Article Publish Status: FREE
Abstract Title:

Enteral Lactoferrin Supplementation for Preventing Sepsis and Necrotizing Enterocolitis in Preterm Infants: A Meta‑Analysis With Trial Sequential Analysis of Randomized Controlled Trials.

Abstract Source:

Front Pharmacol. 2020 ;11:1186. Epub 2020 Aug 7. PMID: 32848789

Abstract Author(s):

Ya Gao, Liangying Hou, Cuncun Lu, Qi Wang, Bei Pan, Quan Wang, Jinhui Tian, Long Ge

Article Affiliation:

Ya Gao


Background: Several clinical trials investigated the effects of enteral lactoferrin supplementation on the prevention of sepsis and necrotizing enterocolitis (NEC) in preterm infants, but the efficacy and safety remain disputed. Therefore, we systematically evaluated the effect of enteral lactoferrin supplementation in preterm infants through a meta‑analysis with trial sequential analysis (TSA).

Methods: We searched six databases to identify randomized controlled trials (RCTs) that evaluated the effects of lactoferrin supplementation compared with placebo or no intervention in preterm infants. RevMan version 5.3 software was used to estimate pooled relative risks (RRs) with the random-effects model. TSA, subgroup analyses, and meta-regression analyses were also performed.

Results: Nine RCTs with 3515 samples were included. With low to moderate quality of evidence, compared with placebo, enteral lactoferrin supplementation did not significantly decrease the incidences of late-onset sepsis (RR = 0.63, 95% CI: 0.38 to 1.02,= 0.06), NEC stage II or III (RR = 0.68, 95% CI: 0.30 to 1.52,= 0.35), all-cause mortality (RR = 0.89, 95% CI: 0.51 to 1.57,= 0.69), bronchopulmonary dysplasia (RR = 1.01, 95% CI: 0.90 to 1.13,= 0.92), retinopathy of prematurity (RR = 0.80, 95% CI: 0.49 to 1.32,= 0.38), invasive fungal infection (RR = 0.27, 95% CI: 0.02 to 3.94,= 0.34), intraventricular hemorrhage (RR = 1.40, 95% CI: 0.39 to 5.08,= 0.61), and urinary tract infection (RR = 0.35, 95% CI: 0.11 to 1.06,= 0.06). Subgroup analysis revealed that lactoferrin significantly reduced the incidence of sepsis in infants with a birth weight below 1500 g (RR = 0.43, 95% CI: 0.22 to 0.84,= 0.01). TSAs of the primary outcomes showed that the evidence is insufficient and further data is required.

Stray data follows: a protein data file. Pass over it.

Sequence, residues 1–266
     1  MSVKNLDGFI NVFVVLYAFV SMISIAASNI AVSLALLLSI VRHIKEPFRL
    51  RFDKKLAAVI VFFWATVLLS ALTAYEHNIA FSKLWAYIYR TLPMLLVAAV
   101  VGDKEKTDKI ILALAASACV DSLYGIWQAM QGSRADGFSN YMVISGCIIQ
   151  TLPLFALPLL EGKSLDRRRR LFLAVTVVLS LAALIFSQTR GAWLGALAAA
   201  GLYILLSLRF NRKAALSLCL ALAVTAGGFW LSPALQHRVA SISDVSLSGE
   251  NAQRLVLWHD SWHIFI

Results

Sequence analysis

Conclusions: Limited evidence suggested that enteral lactoferrin supplementation was associated with a reduction of late-onset sepsis in infants with a birth weight below 1500g, however, did not decrease the incidence of NEC stage II or III, all-cause mortality, and other adverse events in preterm infants. The present evidence was insufficient to inform clinical practice.

Study Type : Meta Analysis

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